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Major depressive disorder (MDD) shows increased coronary artery disease (CAD) risk of unknown mechanism(s). MDD is more common in women than men; CAD diagnosis can be difficult in women. Elevations of the inflammatory markers C-reactive protein (CRP) and serum amyloid A (SAA) predict increased CAD risk in populations; few data on these markers exist in MDD, particularly in remitted patients.
We measured fasting am serum CRP (high sensitivity, CRPhs) and SAA in 18 unmedicated, remitted women with MDD (mean age 41± (SD)12, body mass index (BMI) 25.2 ± 4.1 kg/m2) and 18 BMI-matched healthy control subjects (age 36 ± 10, BMI 25.3 ± 3.8 kg/m2) on 2 separate occasions, ≥ 6 days apart.
Repeat SAA and CRPhs measurements strongly correlated across study days (SAA: r = .83, p< .001; CRPhs: r = .94, p < .001). Both SAA (5.30 ± 3.39 vs. 2.84 ± 1.87 mg/L, p < .005) and CRPhs (3.23 ± 3.17 vs. 1.12 ± 1.45 mg/L; p < .01) were significantly elevated in MDD women versus controls.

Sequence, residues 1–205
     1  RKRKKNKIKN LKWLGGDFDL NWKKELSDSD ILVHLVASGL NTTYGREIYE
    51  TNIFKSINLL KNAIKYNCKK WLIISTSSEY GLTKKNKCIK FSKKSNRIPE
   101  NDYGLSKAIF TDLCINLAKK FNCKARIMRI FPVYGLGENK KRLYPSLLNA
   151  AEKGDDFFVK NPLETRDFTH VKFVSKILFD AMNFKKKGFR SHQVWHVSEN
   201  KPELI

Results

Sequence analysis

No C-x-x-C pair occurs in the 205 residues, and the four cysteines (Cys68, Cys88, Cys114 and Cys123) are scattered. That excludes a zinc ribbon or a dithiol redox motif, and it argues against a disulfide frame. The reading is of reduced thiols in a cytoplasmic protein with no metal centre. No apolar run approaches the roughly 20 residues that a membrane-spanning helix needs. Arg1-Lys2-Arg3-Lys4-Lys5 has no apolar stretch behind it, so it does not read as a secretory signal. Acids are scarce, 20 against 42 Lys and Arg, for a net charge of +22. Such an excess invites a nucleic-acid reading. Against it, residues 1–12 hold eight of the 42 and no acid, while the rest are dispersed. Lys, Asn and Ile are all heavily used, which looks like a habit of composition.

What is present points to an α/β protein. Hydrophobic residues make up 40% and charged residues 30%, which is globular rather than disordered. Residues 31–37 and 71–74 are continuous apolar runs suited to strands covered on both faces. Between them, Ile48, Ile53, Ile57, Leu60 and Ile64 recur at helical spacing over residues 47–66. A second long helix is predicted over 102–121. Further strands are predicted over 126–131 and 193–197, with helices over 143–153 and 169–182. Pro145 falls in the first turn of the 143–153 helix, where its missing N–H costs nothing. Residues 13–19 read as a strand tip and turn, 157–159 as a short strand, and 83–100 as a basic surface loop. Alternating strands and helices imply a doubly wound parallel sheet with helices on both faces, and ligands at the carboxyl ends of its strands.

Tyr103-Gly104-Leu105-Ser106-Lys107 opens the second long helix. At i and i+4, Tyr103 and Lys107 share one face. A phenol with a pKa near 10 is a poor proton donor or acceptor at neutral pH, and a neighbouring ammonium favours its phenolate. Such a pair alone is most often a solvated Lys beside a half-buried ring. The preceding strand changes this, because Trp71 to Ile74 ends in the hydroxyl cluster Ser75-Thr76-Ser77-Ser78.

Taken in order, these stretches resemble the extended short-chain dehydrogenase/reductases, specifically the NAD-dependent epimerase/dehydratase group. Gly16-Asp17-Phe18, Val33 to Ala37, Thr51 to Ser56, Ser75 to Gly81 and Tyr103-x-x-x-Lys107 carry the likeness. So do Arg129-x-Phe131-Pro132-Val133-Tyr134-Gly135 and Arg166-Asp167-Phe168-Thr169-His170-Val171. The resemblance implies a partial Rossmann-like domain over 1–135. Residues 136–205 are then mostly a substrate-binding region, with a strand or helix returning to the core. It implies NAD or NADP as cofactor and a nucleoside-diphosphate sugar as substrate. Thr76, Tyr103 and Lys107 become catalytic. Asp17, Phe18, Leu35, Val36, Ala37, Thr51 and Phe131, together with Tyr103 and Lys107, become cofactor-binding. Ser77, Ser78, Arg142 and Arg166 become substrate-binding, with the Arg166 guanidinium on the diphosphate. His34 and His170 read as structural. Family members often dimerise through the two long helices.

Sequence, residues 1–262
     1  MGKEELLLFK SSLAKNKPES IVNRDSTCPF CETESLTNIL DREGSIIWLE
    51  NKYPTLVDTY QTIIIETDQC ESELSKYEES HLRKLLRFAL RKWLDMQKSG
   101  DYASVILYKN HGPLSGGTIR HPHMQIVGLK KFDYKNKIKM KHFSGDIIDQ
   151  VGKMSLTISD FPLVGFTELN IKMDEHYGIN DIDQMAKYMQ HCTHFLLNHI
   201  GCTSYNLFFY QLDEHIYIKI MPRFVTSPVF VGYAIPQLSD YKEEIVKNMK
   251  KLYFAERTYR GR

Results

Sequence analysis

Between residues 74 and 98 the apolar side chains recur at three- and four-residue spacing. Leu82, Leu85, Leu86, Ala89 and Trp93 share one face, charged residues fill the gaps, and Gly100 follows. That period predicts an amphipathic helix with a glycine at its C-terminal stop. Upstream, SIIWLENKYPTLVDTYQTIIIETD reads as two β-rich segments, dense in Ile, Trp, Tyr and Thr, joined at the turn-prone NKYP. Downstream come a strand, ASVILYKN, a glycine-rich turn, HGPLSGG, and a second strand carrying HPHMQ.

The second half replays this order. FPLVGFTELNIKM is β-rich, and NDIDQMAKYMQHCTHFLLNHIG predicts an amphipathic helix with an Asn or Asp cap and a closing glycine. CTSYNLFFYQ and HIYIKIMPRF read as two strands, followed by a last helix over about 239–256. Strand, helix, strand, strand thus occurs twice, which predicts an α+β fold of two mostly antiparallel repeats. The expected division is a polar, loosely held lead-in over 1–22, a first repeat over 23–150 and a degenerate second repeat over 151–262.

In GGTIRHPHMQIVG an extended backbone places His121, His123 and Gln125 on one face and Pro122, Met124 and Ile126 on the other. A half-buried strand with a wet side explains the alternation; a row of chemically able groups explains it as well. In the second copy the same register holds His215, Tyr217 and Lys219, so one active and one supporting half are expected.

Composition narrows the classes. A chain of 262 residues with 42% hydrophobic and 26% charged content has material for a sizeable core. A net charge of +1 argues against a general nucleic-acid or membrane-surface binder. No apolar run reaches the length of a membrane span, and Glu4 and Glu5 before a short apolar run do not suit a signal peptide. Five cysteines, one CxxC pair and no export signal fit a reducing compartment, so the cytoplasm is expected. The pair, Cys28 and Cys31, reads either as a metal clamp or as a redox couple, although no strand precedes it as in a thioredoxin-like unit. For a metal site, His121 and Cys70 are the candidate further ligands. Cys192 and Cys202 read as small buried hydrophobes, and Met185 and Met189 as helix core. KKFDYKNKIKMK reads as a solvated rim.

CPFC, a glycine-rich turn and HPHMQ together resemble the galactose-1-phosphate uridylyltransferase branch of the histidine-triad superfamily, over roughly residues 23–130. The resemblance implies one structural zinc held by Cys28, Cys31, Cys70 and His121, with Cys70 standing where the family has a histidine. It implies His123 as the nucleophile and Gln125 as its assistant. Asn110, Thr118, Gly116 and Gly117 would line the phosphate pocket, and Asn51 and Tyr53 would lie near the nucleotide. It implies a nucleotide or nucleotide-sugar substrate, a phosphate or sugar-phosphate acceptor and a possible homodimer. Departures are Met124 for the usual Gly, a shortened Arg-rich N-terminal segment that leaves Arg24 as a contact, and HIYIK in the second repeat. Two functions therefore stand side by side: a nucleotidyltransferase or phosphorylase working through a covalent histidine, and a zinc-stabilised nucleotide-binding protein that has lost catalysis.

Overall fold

Elevated SAA and CRPhs in remitted, unmedicated women with MDD indicate a pro-inflammatory state unrelated to current depressive symptoms or pharmacotherapy. These findings suggest that inflammatory mechanisms may in part underlie findings of increased CAD risk in MDD.
Numerous studies have now shown that depressive disorders are associated with an increased risk of coronary artery disease (CAD), independent of smoking, hypertension, and other potentially confounding risk factors for poor health (Lett et al 2004; Wulsin 2004). However, information is limited regarding biologic mechanisms or risk factors accounting for this association between major depressive disorder (MDD) and CAD. Such information would be important for screening patients with MDD for increased CAD risk, in order that intervention strategies to mitigate this risk could be considered. Such strategies are routinely employed in clinical medicine, including screening patients for evidence of modifiable risk factors for CAD. For example, hypertension, frank or incipient diabetes, and dyslipidemia can be treated with antihypertensives, oral hypoglycemics and/or insulin sensitizers, and statins, respectively; in addition, all of these risk factors can be modified by lifestyle changes such as dietary modifications and regular exercise.